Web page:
Florida has been in the news recently for the most peculiar reason. Apparently, giant green waves laden with toxic blue-green algae – which have been compared to guacamole – are washing up on South Florida beaches, leaving behind a thick layer of scum. This massive bloom stretched over 33 miles and could be seen from space. Governor Rick Scott even declared a state of emergency following the spread of this bloom and the ecosystem is still struggling to balance itself out.

Now it seems that algae blooms are causing more problems in the south of Florida, according to the Orlando Sentinel, eight manatee carcases were found washed ashore at the Brevard County’s Indian River Lagoon since the end of May.

Manatees have teetered on the edge of being classified as a threatened and an endangered species for over a decade and the loss of so many individuals is a pretty big deal considering their low reproduction rate.

Digging into the cause of the death for these manatees, scientists have turned to algae outbreaks as the potential culprit. “We are still narrowing down the cause, but the hypothesis is still that the change of vegetation that the manatees are eating makes them to susceptible to complications in their guts,” said Martine de Wit, a veterinarian with the Florida Fish and Wildlife Conservation Commission. “It gives them acute shock.”

The marine life in this region have struggled with algae blooms since 2012. These blooms typically turn the water a dark brown and cause sea grass to die off, leaving only red seaweed behind. Sea grass is a main food source for manatees and switching over to red seaweed is what is believed to be causing problems, however, they aren’t the only animals suffering. Prior reports show drops in dolphin and pelican populations in tandem with the rise of local algae blooms.

So what is causing this rise in algae in south Florida? One of the primary suspects is manure and fertilizer run off caused by industrial agriculture.

Phosphorus and nitrogen are two nutrients commonly linked to a rise in algae blooms, both of which are abundant in livestock manure. A 2015 report by the South Floria Water Management District noted that run off from cattle ranches, dairy farms, and vegetable farms as far north as the Orlando suburbs traveled down to the south of the state by way of the Kissimmee River. In fact, their report found that about 37 percent of phosphorus charged discharge water that comes from land to the north.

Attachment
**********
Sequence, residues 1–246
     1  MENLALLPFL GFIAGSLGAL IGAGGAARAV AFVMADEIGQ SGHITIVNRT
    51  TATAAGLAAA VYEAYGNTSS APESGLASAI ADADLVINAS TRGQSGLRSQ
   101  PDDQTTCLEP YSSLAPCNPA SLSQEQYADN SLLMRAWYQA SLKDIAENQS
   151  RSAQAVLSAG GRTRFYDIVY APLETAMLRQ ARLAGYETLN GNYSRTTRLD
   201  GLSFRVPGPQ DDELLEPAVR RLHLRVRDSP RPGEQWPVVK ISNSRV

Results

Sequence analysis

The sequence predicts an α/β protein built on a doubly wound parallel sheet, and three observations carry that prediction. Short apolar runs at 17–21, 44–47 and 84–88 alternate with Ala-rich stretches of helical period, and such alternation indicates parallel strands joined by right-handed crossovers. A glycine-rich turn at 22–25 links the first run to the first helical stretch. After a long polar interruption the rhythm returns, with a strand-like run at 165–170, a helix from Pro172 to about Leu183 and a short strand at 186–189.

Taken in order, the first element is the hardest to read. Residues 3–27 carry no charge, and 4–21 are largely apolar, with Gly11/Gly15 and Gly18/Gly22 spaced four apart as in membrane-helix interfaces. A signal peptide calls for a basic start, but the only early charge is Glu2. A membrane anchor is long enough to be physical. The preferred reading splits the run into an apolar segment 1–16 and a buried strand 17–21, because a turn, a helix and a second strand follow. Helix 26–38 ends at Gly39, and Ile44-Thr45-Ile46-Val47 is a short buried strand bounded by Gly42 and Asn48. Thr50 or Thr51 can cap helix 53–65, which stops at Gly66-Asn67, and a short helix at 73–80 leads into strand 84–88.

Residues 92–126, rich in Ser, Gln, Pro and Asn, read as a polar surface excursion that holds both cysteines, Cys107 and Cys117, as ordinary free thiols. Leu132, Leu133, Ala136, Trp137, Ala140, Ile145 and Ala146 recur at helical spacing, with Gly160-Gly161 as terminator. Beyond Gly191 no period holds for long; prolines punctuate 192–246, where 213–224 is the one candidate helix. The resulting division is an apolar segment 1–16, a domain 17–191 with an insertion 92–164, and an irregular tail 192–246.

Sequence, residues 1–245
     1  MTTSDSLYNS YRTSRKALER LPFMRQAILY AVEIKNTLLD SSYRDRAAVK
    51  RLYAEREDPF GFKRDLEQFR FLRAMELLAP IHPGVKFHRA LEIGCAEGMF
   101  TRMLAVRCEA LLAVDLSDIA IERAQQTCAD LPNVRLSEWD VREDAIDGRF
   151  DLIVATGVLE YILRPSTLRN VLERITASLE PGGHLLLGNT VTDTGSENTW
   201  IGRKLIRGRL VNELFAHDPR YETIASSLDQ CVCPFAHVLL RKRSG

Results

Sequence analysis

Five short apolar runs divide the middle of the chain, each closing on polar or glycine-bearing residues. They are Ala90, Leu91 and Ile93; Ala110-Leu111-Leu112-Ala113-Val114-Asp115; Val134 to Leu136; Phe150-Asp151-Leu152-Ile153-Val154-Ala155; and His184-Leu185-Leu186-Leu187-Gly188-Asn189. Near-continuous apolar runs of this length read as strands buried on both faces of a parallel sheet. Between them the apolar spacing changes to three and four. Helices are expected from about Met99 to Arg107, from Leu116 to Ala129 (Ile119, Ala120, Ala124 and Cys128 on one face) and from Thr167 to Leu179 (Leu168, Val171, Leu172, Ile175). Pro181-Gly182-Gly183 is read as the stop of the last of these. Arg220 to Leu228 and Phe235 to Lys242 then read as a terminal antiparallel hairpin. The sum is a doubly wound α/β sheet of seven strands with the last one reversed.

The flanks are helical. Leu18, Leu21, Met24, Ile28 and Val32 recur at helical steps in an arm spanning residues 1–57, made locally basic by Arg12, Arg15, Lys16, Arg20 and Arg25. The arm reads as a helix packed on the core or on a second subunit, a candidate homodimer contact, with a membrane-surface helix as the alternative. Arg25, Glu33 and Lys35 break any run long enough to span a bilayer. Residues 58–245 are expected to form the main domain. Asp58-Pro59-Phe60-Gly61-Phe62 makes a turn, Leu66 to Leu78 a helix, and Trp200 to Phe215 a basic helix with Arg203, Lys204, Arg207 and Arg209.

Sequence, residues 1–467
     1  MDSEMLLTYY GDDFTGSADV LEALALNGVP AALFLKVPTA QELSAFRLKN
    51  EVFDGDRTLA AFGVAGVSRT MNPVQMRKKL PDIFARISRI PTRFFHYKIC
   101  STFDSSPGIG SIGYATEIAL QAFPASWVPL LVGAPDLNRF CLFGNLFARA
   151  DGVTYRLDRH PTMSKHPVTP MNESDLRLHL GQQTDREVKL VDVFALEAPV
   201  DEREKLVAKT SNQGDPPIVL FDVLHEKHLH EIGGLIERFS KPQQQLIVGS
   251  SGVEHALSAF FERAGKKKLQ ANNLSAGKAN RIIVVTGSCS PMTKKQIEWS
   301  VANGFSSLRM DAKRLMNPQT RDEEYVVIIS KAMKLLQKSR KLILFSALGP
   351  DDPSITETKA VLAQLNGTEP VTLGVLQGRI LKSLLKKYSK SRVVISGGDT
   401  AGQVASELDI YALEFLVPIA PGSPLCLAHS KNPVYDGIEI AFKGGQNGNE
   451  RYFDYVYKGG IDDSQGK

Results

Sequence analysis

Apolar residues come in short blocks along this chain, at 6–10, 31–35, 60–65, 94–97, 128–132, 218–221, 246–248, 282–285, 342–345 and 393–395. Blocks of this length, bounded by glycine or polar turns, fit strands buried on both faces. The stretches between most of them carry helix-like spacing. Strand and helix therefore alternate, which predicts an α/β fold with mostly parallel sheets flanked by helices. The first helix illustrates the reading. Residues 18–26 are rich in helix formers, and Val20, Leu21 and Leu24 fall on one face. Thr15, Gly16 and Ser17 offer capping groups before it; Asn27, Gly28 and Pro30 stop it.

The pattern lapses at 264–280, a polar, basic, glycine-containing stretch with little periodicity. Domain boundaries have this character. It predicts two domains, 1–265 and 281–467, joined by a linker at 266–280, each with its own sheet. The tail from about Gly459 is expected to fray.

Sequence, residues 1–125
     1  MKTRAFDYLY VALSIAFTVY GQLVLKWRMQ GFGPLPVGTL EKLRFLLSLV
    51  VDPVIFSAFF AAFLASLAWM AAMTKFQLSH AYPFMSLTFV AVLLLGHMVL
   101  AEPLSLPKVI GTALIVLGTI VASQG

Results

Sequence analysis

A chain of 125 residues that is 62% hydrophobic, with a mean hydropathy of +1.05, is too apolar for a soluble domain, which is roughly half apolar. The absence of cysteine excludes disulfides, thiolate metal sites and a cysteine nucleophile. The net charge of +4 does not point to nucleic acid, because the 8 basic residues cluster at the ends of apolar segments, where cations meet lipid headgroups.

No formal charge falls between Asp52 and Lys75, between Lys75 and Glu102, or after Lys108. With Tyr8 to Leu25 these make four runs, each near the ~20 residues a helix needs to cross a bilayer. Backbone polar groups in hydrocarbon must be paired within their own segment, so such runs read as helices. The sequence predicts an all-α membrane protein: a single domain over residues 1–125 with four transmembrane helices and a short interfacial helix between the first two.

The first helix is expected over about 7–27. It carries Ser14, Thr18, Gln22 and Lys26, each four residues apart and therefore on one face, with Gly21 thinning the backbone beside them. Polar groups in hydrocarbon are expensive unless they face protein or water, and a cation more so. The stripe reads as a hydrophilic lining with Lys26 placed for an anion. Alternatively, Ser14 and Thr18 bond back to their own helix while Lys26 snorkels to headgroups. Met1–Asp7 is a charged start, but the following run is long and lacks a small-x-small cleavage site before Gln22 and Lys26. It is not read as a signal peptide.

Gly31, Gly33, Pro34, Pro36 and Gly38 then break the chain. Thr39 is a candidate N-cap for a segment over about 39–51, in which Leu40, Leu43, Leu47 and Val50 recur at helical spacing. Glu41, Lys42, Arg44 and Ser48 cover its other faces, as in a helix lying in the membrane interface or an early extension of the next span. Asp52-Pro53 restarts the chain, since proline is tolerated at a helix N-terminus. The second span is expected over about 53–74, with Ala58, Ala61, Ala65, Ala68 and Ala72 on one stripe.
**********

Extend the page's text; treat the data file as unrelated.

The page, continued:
With the ability to travel through discharge water, these nutrients have the potential to cause wide-scale devastation to local marine life and ecosystems in the state. In fact, algal blooms triggered by animal agriculture are far too common in the U.S., but it comes as little surprise considering the Environmental Protection Agency estimates that roughly 335 million tons of manure (measured in dry weight) is produced by livestock in the United States each year. And if a farm doesn’t have a treatment system in place to handle that waste, the nutrients from this manure can end up in ground water or surface water, only to flow into and accumulate in a lake or ocean

While the algae bloom linked to the deaths of manatees is not the same one that lead to guacamole waves, it still illustrates the role that our food choices play in altering delicate marine ecosystems. Animal agriculture plays a huge role in disrupting ecosystems across the U.S. and seeing the potential impact that algal blooms triggered by additional nutrients in the water can have on endangered species, like manatees, we have to ask ourselves if it is really worth it? Is having more cheeseburgers really worth degrading critical marine habitats?

The good news is we can all have a hand in reducing animal agriculture’s impact by simply reducing, or eliminating, the amount of meat and dairy we consume on a daily basis. If the overall demand for these products were to decrease, we’d no longer need massive factory farms housing tens of thousands of animals that produce more excrement than the entire human population combined

As the leading organization at the forefront of the conscious consumerism movement, it is One Green Planet’s view that our food choices have the power to heal our broken food system, give species a fighting chance for survival, and pave the way for a truly sustainable future. To learn more about how you can use your food choices for good, join One Green Planet’s #EatForThePlanet movement!

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